John Scalzi had some smart things to say about the contractual dispute brewing between Amazon and Hachette regarding how to price eBooks.
I read through all the comments on the piece and I’m pretty sure I didn’t actually see anyone bring up what I think is the real justification for why Amazon is pushing for this contractual change. I don’t think it has anything at all to do with publishers, authors, or even customers.
First of all, it’s completely rich that Amazon wants to put this pricing model in place. There was an email from Steve Jobs that came out during the recent “collusion” trial that predicted that Amazon would do exactly what they are proposing (taking 30% of $9.99) because “They have shareholders, too.” Based on this week’s events (both Hachette and Wall Street), the guy was nothing if not prescient.
Here’s the deal: Amazon really does believe that $9.99 is a magic price for books. (Probably all books, but definitely eBooks.) It’s clear they have some data that seems to prove that sales are particularly good there. And the comments on John’s site anecdotally back that up. Quite a few folks have stated that they simply won’t buy a book for more than $9.99. (Really? $10 is a bridge too far, I guess. And $10.99? That’s just crazy!)
Anyway, under the traditional “wholesale” pricing model publishers state a list price, but then sell the book to retailers like Amazon at a discount from that. It used to be 45-50% off for print books. Since the eBook settlement, the model is kind of a hybrid. Publishers set the price (as in the currently forbidden Agency model) but retailers are permitted to discount from that with some limitations. Discount percentages are much less – in the 20%-25% range.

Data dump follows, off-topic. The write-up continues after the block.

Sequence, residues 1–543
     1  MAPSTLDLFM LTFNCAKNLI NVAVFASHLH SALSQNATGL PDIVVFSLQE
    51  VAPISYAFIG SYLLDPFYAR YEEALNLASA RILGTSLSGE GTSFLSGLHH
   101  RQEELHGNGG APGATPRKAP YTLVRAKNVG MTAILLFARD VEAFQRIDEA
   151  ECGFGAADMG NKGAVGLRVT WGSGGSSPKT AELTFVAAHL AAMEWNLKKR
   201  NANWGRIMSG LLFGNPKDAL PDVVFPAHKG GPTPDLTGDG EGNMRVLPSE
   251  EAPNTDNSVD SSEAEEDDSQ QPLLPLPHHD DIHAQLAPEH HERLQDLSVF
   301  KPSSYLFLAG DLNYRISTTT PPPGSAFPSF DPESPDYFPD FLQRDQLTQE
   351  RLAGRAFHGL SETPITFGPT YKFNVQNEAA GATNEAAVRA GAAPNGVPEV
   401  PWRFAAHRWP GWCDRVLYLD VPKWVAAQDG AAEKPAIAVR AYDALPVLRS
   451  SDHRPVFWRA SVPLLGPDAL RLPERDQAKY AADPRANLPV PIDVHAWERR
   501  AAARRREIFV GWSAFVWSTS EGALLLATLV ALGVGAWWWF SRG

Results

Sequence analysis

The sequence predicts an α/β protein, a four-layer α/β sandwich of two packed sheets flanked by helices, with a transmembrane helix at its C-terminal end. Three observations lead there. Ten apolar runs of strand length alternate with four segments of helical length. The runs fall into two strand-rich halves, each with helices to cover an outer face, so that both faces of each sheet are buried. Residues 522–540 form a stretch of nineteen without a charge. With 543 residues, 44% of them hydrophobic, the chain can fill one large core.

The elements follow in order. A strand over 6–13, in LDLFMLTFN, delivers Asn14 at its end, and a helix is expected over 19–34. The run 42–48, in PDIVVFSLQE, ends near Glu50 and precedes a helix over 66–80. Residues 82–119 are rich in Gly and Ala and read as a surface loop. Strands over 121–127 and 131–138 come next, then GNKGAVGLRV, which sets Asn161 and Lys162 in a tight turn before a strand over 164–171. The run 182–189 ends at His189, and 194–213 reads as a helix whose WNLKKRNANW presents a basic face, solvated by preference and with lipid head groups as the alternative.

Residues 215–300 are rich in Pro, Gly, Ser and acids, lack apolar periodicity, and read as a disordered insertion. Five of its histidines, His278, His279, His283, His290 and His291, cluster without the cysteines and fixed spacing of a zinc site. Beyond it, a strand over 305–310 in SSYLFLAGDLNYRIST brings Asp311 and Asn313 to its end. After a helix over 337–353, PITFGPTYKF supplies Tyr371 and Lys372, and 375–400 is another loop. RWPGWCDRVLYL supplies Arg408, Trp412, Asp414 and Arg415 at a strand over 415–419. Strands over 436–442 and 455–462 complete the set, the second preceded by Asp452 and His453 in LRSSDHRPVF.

To use a real example here, John’s new eBook appears to have a list price of $11.99. Using the (somewhat theoretical) 20% discount, that means Amazon’s cost is roughly $9.60. And they’re selling the book today for $10.67. So their cut is something like $1.07. But to sell this eBook at their preferred $9.99 price, Amazon would only be making 39 cents — maybe not covering their costs. (To make this a simple example, I’m ignoring publisher payments for placement, promotion etc.)
For some books Amazon is probably willing to take a loss to get to their magic price point. Or they might not be willing to take a loss on a particular book and so they price above $9.99. This probably really upsets their number crunchers.
And of course today Amazon’s profit changes based on the list price of the book and their chosen discount. For a few eBooks they might make $3, for most others much less.
Now look at the new reverse-Agency model that Amazon is proposing: Amazon sets the list price ($9.99) and gives the publisher 70% of that ($6.99). There is now no question of Amazon’s cut. It’s a nice consistent $3. I’m betting that that’s a whole heck of a lot higher than their average take on eBooks up to this point.
So with this proposed model Amazon gets what they want — probably more sales (on average), but, more importantly, more money per sale (on average). And customers generally get a consistently lower price on new, best selling, books. Publishers are the only folks who don’t appear to get what they want here (control over how their products are priced, especially for new hot-selling titles). Depending on how you view the future of writing and publishing this could be viewed as good or bad.
And true to Steve’s old email, I’m betting that moving to this pricing model would make Amazon’s shareholders a little happier than they were this week.